Lee Mielke is a veteran dairy journalist and broadcaster, currently carried in a dozen Ag newspapers nationally. This column is prepared especially for the readers of DairyBusiness. Based in Lynden, Wash., he can be reached by email at [email protected] or by phone 360.201.4033.
The Agriculture Department announced the September Federal order Class III benchmark milk price at $16.36 per hundredweight (cwt.), down 21 cents from August, 3 cents below September 2016, but $1.48 above California's comparable 4b cheese milk price. That's the largest shortfall since March when it hit $2.05. The Class III price is equivalent to $1.41 per gallon, down a penny from August. The nine month Class III average is at $16.12, up from $14.38 a year ago and $16.04 in 2015.
Class III futures late Friday morning portended an October Class III price at $16.80; November at $16.57; and December at $16.35 per cwt.
The September Class IV price is $15.86, down 75 cents from August but $1.61 above a year ago, and the lowest Class IV since May 2017. Its nine month average is at $15.51, up from $13.65 a year ago and $13.70 in 2015.
California's comparable September Class 4b cheese milk price is $14.88, down $1.38 from August and 36 cents below a year ago. It is the lowest 4b price since April 2017 and the lowest September 4b in five years. The year's average now stands at $15.24, up from $13.64 a year ago and $14.62 in 2015.
The September 4a butter-powder price is $15.69, down 99 cents from August, but is $2.11 above a year ago. Its nine month average is at $15.32, up from $13.26 a year ago and $13.60 in 2015.
The October 4 Daily Dairy Report reminds us of the differences in how California and Federal order Class milk prices are determined. It says "The California 4b price is derived from the simple average of the CME Cheddar block price from the 26th of the preceding month though the 25th of the current month."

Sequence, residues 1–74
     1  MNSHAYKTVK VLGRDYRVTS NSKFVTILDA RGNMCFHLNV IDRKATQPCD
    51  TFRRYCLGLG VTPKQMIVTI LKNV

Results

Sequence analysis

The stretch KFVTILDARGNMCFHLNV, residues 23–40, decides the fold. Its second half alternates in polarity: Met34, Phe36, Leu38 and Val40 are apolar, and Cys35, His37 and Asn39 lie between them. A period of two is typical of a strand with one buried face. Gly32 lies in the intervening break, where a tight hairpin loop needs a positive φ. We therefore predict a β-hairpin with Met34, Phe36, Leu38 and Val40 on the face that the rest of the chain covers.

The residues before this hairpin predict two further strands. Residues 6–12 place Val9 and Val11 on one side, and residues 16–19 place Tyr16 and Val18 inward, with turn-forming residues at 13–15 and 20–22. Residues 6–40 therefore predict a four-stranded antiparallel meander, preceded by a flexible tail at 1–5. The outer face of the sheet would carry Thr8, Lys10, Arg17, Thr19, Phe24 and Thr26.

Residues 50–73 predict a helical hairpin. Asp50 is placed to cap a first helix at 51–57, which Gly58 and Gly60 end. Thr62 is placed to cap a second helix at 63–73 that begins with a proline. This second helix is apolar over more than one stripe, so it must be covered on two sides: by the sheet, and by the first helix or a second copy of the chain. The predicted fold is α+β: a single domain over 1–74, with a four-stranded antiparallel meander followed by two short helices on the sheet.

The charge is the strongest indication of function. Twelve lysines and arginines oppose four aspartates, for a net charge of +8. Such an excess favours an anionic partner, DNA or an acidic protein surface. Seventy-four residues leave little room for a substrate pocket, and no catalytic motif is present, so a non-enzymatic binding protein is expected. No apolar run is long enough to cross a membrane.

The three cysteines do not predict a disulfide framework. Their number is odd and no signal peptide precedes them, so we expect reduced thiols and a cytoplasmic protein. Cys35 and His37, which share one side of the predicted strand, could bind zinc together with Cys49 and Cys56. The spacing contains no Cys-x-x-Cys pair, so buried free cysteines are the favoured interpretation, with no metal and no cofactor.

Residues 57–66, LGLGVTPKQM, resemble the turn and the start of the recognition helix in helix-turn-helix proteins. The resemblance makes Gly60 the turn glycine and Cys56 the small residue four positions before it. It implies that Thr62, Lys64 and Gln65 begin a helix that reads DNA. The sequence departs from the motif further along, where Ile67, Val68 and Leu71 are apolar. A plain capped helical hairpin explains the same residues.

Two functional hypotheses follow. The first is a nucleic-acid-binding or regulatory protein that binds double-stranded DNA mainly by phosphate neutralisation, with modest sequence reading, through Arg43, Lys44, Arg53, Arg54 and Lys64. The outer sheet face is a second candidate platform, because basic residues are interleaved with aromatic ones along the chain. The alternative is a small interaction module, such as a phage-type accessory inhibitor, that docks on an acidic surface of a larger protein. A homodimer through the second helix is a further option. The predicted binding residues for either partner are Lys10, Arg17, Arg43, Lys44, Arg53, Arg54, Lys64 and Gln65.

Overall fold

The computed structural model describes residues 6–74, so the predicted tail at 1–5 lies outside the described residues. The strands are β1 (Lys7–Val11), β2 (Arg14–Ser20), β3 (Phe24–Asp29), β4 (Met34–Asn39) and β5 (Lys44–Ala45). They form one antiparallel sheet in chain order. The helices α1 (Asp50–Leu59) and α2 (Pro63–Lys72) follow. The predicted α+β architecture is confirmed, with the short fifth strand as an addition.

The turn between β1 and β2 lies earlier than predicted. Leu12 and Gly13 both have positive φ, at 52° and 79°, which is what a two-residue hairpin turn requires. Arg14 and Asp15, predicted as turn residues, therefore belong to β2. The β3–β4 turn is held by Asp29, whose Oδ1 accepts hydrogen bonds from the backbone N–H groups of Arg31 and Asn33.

"The Federal Order Class III price is calculated from the monthly weighted average National Dairy Products Sales Report Cheddar price, which includes both block and barrel cheese prices."
Meanwhile, the October 3 Global Dairy Trade (GDT) auction shifted gears as a weighty 83.75 million pounds of product found its way to the GDT, up from 75.2 million pounds September 19, 73.9 million September 5, and 71.1 million on August 15.
The weighted average for products offered was down 2.4 percent, following a 0.9 percent increase last time and a 0.3 percent increase September 5.
GDT Cheddar cheese was up 1.9 percent, following a 1.9 percent drop last time, and rennet casein inched 0.9 percent higher, after fell 2.4 percent in the last event.
Buttermilk powder led the declines, down 10.3 percent. It did not trade last time. Butter was down a bearish 3.6 percent and anhydrous milkfat was down 3.4 percent, following increases last time of 1.2 and 5.3 percent. Whole milk powder was down 2.7 percent, after it inched 0.6 percent higher, and skim milk powder was off 1.4 percent, after it slipped 1.2 percent last time.
FC Stone equated the GDT 80 percent butterfat butter price to $2.5833 per pound U.S. CME butter closed Friday morning at $2.34. GDT Cheddar cheese equated to $1.8640 per pound U.S. and compares to Friday's CME block Cheddar at $1.76. GDT skim milk powder averaged 85.94 cents per pound and whole milk powder averaged $1.3778. CME nonfat dry milk closed Friday at 82 1/2-cents per pound.
There was a rumor over the fact that GDT whole milk powder fell 2.7 percent on average, when it had gained 3-4 percent the previous week on the New Zealand Futures Exchange. Speculation was that some Chinese buyers were unable to connect to or had trouble maintaining a steady connection to the GDT.
FC Stone's Dave Kurzawski dispelled that in the October 9 Dairy Radio Now broadcast, stating that safeguards are in place to prevent that and that the fall occurred "because buyers, for whatever reason slowed down a bit." He added that the GDT's message for the CME was that "demand is good but not stellar."
August milk production totaled 18.1 billion pounds, up 2.0 percent from August 2016 and USDA's latest Dairy Products report shows where that milk went.
August cheese output totaled 1.03 billion pounds, down 0.7 percent from July but 2.3 percent above August 2016. Year to date (YTD) output stands at 8.2 billion pounds, up 2.5 percent 2016.